Having a player on the court that doesn’t make mistakes is a good thing. There’s not a lot to complain about, but Odio also didn’t do much, yet, to show he has more to add this season.
It was obvious at times how long it’s been since Dragicevich saw real game action, which Donahue noted post game. He flashed ways in which he’ll be able to contribute for the Eagles this season once he gets comfortable again on the court, but right now he’s not that reliable “3-and-D” player BC wants him to be as the starting small forward.
Just a quiet five points on two shots for Heckmann, but he showed remarkable poise and composure throughout the game. He’ll continue to challenge Dragicevich for the starting role, especially when he’s 100 percent healthy. Heckmann didn’t make many mistakes either, but that means a lot more for him than it does for Odio.
Heckmann’s biggest flaw through his first two seasons was inconsistent play. He’d make a few incredible plays followed by a few plays that didn’t make any sense at all. That didn’t happen last night. Heckmann either made a difference or fell into the background. If he can keep chipping away at productivity, BC will find plenty of use for him.
His athleticism didn’t disappoint. It was clear that this was his first college game, looking hesitant and even slightly rattled at times offensively, but once he calms down a bit he will without a doubt surpass Rahon as the team’s best defender. Not only is he long and quick and aggressive, he also knows what he’s doing on the defensive end.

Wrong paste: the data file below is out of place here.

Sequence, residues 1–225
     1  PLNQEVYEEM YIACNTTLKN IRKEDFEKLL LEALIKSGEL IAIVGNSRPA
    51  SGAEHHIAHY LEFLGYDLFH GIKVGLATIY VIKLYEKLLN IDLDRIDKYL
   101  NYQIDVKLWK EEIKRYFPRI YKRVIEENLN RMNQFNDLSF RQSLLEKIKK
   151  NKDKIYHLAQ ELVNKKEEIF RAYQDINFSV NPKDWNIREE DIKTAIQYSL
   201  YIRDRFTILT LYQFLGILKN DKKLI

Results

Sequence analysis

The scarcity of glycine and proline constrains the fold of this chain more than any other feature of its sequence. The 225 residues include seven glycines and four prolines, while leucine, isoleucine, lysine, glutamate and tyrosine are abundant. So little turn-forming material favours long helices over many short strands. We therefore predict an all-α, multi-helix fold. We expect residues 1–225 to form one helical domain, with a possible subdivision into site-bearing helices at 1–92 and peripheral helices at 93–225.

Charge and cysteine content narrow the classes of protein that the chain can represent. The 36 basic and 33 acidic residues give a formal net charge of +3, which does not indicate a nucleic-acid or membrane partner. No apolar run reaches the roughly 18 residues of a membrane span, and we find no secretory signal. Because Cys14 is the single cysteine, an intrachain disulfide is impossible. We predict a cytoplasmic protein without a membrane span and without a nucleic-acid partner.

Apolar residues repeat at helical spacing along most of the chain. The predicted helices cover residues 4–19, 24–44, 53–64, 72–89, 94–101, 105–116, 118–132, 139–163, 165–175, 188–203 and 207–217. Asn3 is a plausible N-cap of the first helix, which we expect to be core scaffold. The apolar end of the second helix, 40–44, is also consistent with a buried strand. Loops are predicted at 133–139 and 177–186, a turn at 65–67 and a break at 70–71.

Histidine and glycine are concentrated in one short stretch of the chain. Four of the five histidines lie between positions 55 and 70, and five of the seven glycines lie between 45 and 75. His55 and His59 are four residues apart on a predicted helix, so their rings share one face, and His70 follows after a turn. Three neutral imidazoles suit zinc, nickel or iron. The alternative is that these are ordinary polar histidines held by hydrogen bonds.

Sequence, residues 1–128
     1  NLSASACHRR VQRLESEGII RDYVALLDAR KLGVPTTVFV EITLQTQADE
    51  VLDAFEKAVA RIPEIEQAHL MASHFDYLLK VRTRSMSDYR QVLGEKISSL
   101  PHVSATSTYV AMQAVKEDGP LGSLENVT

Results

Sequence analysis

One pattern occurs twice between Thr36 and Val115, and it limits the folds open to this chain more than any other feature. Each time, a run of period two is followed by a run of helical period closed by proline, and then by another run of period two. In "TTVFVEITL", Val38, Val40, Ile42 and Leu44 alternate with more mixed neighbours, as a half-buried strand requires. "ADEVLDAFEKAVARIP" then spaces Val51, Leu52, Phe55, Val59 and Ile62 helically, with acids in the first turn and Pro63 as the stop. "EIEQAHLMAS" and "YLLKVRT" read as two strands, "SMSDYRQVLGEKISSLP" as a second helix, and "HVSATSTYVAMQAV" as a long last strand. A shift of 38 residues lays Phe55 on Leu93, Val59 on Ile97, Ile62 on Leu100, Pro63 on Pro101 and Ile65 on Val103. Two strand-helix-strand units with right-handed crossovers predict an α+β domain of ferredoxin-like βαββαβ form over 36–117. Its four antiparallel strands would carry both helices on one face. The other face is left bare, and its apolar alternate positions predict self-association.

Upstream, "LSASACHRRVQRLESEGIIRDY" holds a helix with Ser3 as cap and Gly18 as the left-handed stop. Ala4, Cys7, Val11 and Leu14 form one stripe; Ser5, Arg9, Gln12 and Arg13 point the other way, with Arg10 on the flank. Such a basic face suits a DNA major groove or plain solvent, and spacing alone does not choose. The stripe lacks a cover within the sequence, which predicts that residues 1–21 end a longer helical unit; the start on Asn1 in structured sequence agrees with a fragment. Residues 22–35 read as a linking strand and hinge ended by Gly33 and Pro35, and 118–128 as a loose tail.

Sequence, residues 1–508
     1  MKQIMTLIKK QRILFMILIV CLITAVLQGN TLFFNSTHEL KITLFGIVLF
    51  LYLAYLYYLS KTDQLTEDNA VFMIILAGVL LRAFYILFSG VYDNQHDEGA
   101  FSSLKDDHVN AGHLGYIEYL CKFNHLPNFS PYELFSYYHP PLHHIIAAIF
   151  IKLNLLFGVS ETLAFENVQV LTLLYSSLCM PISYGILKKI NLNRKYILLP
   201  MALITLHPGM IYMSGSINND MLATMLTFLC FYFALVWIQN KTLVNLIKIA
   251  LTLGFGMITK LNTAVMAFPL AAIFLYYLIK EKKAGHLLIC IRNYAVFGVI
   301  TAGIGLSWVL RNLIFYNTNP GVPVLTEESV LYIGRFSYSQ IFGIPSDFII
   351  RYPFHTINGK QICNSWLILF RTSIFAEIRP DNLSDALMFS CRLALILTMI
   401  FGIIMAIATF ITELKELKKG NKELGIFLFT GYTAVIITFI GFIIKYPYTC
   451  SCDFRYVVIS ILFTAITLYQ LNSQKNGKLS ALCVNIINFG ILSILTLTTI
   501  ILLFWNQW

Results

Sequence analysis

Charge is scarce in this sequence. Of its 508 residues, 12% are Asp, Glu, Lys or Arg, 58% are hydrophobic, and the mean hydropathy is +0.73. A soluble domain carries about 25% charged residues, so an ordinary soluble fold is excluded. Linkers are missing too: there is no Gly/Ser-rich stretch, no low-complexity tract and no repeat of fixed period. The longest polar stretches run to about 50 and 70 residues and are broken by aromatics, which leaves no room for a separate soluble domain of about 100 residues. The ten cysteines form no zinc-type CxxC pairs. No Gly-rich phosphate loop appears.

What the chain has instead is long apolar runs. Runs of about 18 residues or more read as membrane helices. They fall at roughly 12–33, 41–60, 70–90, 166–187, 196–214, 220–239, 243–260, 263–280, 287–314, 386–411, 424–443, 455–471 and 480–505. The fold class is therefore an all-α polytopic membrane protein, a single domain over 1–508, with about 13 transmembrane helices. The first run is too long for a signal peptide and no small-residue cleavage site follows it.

At one point when BC was trying to come back, there was a rebound bouncing around between Providence and BC players. Owens leaped up in the air three times in a row to tap at it, just higher than everyone on all three leaps. He then sprinted down the floor after BC got the ball without looking tired at all. He also defended his man off the ball through multiple screens as the offensive player ran sideline to sideline and back, and Owens didn’t let him get open. Those are skills no one else on the roster has.
It was surprising that, especially with the team’s foul trouble at the end and Donahue’s love of offense-for-defense substitutions, Owens never got a real crack at stopping Cotton. The worst case scenario would just be an Owens foul, which was the same result as Rahon’s defense. Owens would at least be able give an aggressive hedge and force Cotton left once or twice. It’ll be interesting to see if Rahon spends most of the time on Chaz Williams tomorrow against UMass, or if Donahue gives the freshman a chance early in the season to test out his lockdown defense abilities.